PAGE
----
The war of words over the Central Bank’s year-old mortgage rules has flared again, as bank governor Philip Lane said there will be no early review, even as auctioneers launched a fresh broadside calling for them to be changed immediately.
Mr Lane yesterday said the bank was opening a consultation and inviting written submissions on the possible effects of the home loan rules on the economy and the housing market.
However, he reiterated that the bank was not for turning on the wisdom of the restrictions, saying its review later this year could lead to the rules being “tightened, loosened or left unchanged” but not scrapped altogether.
The rules are part of the bank’s “macro-prudential toolkit” and are designed to prevent any repeat of over-lending which contributed to the banking disaster eight years ago. Industry groups have been vociferous in demanding reform because they say the restrictions are only making matters worse.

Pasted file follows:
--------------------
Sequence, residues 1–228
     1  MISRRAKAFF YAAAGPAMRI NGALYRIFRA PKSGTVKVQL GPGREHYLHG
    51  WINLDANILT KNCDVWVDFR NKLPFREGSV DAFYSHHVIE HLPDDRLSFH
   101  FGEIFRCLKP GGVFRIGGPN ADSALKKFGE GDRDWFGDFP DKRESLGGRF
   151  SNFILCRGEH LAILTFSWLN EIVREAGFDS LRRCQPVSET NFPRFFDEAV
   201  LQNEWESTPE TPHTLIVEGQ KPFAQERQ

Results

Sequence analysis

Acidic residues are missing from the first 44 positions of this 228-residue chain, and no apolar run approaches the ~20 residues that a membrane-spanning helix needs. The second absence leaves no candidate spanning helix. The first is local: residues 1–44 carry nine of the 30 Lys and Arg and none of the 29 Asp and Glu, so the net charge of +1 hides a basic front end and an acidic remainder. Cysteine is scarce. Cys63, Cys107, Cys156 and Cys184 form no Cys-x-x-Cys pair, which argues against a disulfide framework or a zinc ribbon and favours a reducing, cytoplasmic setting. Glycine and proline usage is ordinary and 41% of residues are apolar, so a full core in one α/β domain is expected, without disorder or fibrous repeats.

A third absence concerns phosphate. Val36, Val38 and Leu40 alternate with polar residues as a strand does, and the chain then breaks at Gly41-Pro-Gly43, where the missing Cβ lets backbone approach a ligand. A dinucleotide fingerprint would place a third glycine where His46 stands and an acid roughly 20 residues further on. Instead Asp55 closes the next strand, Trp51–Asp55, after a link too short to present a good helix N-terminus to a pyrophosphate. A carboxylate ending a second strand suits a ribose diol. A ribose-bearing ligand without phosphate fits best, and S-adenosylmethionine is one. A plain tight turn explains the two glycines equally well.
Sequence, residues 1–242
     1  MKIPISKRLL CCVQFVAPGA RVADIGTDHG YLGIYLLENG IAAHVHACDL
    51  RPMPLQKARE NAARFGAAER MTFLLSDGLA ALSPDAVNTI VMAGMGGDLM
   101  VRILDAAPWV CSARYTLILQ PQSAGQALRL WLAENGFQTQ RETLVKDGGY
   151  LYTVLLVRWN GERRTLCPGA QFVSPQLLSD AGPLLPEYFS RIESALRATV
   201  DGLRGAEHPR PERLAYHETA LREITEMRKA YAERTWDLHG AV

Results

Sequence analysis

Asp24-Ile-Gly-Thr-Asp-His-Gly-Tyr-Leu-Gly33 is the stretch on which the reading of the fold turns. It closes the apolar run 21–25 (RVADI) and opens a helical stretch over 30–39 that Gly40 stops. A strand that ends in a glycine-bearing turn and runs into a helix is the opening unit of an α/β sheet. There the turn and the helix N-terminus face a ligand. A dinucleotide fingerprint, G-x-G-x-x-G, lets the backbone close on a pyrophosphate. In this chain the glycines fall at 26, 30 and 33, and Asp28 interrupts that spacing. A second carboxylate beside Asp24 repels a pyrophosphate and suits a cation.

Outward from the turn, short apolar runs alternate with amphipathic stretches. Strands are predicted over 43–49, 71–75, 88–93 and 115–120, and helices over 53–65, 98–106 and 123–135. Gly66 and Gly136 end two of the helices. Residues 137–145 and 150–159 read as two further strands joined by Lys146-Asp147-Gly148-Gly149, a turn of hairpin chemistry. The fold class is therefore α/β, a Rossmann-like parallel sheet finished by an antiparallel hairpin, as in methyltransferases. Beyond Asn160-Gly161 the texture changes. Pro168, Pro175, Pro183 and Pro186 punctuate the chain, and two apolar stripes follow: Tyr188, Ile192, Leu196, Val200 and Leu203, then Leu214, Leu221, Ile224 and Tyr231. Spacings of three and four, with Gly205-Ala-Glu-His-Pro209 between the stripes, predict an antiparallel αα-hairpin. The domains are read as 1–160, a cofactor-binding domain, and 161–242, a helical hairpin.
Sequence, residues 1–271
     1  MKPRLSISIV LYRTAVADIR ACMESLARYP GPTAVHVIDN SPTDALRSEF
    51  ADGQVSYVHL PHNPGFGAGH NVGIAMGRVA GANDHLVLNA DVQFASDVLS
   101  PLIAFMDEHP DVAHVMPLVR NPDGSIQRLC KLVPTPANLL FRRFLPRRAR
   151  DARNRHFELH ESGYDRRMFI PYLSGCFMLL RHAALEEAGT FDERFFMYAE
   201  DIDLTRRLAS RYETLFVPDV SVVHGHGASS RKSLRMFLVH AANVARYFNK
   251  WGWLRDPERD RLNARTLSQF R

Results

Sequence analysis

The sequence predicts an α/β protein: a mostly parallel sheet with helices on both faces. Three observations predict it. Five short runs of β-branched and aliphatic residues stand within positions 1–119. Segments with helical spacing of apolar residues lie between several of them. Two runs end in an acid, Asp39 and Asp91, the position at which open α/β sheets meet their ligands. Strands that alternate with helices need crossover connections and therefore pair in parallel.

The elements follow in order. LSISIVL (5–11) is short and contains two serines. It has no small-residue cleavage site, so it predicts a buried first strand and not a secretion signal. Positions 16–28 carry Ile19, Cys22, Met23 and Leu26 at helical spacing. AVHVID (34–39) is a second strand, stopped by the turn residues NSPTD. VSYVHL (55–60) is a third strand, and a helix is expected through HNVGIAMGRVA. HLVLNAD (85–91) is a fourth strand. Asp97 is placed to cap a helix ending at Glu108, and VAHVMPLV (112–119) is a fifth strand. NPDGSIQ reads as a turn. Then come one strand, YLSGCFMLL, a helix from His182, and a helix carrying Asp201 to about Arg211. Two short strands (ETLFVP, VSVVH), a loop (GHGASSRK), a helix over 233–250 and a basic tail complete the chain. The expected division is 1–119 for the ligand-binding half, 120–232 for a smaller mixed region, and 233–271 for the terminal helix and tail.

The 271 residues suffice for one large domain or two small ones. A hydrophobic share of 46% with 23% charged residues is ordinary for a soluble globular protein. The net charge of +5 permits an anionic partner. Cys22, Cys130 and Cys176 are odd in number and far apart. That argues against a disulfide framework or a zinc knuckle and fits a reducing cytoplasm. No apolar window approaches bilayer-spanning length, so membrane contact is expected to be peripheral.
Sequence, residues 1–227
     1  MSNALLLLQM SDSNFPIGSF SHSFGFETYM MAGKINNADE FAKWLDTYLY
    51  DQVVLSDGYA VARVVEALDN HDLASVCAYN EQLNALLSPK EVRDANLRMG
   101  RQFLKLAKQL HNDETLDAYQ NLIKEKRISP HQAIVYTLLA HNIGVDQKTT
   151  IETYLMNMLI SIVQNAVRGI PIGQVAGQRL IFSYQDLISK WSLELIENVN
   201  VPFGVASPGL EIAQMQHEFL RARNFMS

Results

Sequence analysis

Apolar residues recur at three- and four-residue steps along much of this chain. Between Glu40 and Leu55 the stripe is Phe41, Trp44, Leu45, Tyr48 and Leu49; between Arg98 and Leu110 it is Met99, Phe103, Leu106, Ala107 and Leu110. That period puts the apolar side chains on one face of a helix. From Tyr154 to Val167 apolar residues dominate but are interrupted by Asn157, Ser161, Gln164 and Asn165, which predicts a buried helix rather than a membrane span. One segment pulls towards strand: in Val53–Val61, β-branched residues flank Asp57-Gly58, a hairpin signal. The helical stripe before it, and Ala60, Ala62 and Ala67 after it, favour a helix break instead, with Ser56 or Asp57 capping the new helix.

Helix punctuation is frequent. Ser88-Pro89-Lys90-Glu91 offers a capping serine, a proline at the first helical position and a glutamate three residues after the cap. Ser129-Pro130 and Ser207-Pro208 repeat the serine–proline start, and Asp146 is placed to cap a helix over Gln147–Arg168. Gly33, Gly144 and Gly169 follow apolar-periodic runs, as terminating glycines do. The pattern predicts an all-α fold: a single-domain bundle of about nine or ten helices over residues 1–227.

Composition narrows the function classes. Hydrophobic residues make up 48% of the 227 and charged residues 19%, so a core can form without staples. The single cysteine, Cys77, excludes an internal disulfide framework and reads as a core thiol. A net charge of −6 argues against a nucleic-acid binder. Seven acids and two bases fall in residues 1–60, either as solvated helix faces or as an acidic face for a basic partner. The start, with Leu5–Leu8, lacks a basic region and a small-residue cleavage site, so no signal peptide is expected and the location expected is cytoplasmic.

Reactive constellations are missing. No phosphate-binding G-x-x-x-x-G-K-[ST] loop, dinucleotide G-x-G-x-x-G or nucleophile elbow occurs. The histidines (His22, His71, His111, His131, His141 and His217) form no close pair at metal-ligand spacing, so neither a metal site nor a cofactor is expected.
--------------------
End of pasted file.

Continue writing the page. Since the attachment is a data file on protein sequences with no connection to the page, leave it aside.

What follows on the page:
Pat Davitt, chief executive at IPAV, an industry group of 1,000 auctioneers, yesterday said the mortgage rules were locking too many people out of the property market.
“Even if you save for a deposit, you are caught by the income rule,” said Mr Davitt. The rules would hit even harder when the supply of new homes finally comes on stream.
ESRI housing expert David Duffy told the Irish Examiner the rules were “probably” having some sort of impact, but their direct effect was likely less significant than other factors weighing on housing supply.
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